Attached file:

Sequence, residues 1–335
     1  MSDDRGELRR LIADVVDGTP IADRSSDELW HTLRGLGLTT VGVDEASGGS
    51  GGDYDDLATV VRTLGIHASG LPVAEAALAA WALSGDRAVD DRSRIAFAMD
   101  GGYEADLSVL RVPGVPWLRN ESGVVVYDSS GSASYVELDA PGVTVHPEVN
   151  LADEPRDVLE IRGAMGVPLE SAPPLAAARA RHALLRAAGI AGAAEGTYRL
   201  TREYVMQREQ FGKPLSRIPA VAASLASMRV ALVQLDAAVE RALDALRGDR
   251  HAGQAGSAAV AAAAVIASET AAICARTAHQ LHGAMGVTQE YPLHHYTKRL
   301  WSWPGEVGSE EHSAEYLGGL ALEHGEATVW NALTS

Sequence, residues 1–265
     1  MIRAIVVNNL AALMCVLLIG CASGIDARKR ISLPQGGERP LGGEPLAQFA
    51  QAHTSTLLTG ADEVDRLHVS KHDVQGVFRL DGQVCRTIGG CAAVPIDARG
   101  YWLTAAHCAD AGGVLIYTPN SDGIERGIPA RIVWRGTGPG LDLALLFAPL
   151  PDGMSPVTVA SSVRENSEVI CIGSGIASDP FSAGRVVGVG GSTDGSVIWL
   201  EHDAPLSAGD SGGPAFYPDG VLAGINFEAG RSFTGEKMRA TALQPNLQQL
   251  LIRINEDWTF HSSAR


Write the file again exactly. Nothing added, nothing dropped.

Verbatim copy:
Sequence, residues 1–335
     1  MSDDRGELRR LIADVVDGTP IADRSSDELW HTLRGLGLTT VGVDEASGGS
    51  GGDYDDLATV VRTLGIHASG LPVAEAALAA WALSGDRAVD DRSRIAFAMD
   101  GGYEADLSVL RVPGVPWLRN ESGVVVYDSS GSASYVELDA PGVTVHPEVN
   151  LADEPRDVLE IRGAMGVPLE SAPPLAAARA RHALLRAAGI AGAAEGTYRL
   201  TREYVMQREQ FGKPLSRIPA VAASLASMRV ALVQLDAAVE RALDALRGDR
   251  HAGQAGSAAV AAAAVIASET AAICARTAHQ LHGAMGVTQE YPLHHYTKRL
   301  WSWPGEVGSE EHSAEYLGGL ALEHGEATVW NALTS

Sequence, residues 1–265
     1  MIRAIVVNNL AALMCVLLIG CASGIDARKR ISLPQGGERP LGGEPLAQFA
    51  QAHTSTLLTG ADEVDRLHVS KHDVQGVFRL DGQVCRTIGG CAAVPIDARG
   101  YWLTAAHCAD AGGVLIYTPN SDGIERGIPA RIVWRGTGPG LDLALLFAPL
   151  PDGMSPVTVA SSVRENSEVI CIGSGIASDP FSAGRVVGVG GSTDGSVIWL
   201  EHDAPLSAGD SGGPAFYPDG VLAGINFEAG RSFTGEKMRA TALQPNLQQL
   251  LIRINEDWTF HSSAR